8. b said:

The author is uninformed when he says:
“Mr. Erdogan also previously defended the Sudanese president al-Bashir (whose arrest warrant is ordered by the International Criminal Court on genocide charges) ”

The ICC rejected charges against al Bashir for genocide when the prosecution tried to get them.

http://www.ejiltalk.org/icc-issues-arrest-warrant-for-bashir-but-rejects-the-genocide-charge/

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March 11th, 2010, 2:20 am

 

9. almasri said:

Basically what all the Turkish governments were telling the so-called human rights liberal advocates of the west for the last hundred years is go and put tiles over the sea with regards to this matter. The justification is simple. Woodrow Wilson foolishly encouraged mutiny with pompous promises that he cannot fullfil. Turkey was and still is facing conspiracy from the West with the ultimate aim of destroying it with the West foolishly thinking it is a banana republic. May be the armenians should go and seek justice from Wilson’s heirs in this matter not the present Turkish government.
Wilson didn’t have he teeth to stand up to his foolish promises. Obama would be more than foolish to acquiesce to the new plots of few zionist lobbyists. Both Obama, or more corrrectly the US, and the zionists would be digging their own graves if they want to carry on with their foolishness and play ball with the Turks.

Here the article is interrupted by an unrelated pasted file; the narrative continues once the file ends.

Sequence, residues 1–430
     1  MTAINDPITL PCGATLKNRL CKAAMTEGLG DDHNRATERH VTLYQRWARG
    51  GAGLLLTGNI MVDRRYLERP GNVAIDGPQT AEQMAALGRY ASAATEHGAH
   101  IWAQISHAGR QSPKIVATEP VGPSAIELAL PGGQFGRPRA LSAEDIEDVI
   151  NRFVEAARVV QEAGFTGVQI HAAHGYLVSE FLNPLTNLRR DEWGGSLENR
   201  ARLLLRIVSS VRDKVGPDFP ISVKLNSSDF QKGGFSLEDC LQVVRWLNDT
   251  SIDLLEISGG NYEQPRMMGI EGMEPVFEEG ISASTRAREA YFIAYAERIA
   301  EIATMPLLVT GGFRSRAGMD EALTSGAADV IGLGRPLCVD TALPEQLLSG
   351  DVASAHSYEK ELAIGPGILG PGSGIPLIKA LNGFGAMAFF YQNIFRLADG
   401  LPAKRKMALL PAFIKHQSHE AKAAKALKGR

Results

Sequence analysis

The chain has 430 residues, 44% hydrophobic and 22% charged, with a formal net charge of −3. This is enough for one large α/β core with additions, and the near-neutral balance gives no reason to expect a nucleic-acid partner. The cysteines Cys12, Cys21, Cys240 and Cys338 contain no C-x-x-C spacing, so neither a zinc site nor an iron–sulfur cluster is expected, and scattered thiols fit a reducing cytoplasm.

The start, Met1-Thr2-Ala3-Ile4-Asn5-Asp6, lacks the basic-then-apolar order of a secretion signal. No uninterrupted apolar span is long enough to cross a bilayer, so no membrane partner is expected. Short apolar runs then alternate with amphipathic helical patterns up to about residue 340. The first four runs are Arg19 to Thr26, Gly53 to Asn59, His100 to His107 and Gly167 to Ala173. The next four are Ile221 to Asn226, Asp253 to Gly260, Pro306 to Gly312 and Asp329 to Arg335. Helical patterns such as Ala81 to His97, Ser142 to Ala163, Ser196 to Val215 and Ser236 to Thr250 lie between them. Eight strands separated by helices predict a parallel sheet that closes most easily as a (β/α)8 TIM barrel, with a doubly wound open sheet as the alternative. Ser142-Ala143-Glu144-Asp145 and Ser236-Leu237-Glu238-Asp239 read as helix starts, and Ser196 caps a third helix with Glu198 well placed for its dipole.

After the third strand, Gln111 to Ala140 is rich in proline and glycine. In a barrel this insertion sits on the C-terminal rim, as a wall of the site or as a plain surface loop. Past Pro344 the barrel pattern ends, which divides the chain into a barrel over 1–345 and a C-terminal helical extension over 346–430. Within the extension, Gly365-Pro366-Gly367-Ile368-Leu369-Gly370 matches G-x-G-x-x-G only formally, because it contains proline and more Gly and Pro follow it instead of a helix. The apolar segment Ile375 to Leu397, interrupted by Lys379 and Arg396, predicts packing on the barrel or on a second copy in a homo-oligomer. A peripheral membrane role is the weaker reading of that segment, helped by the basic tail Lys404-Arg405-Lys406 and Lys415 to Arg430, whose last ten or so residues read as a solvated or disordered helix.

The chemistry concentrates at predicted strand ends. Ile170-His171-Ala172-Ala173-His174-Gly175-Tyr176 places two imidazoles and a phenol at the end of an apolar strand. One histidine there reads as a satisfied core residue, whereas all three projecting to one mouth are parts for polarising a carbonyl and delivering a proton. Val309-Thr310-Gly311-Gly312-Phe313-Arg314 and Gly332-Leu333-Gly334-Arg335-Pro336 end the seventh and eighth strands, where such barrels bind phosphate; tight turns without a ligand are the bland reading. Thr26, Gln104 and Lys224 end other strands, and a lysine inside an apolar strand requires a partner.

I doubt Obama will act stupidly.

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March 11th, 2010, 3:03 am

 

10. Shami said:

There are some facts that must be taken into account.
The moderate turks who refuse the term “genocide” do not deny that large scale massacres that happened in Anatolia,it’s an evidence, but they also claim that it was in a context of a civil war between nationalities promotted by the western intelligences in which the goal was the division of Anatolia in several nationalistic states and that prior to this state nationalist paramilitary armenians have committed religious and ethnic cleansing in eastern anatolia during the russian ottoman war against kurdish ,turkish and circassian muslims.
There is also an other fact that must be known:the nationalist party tashnaq was an ally of the young turks party who removed the effective power of the Sultan.
They also disagree with the number of 1,5 million armenians killed ,in comparison ,the number of inhabitans of Syria was barely 2 millions.
They recognize 300 000 deaths among the anatolian armenians.
I would not speculate on these facts by respect towards the memory of my armenian brothers but only a serious and academic committee of historians that have access to the western and ottoman archives can provide us a more accurate version of these sad events.This is on what agreed the turkish and armenian governments lately and Erdogan said that he will accept the verdict of this committe whatever the result is.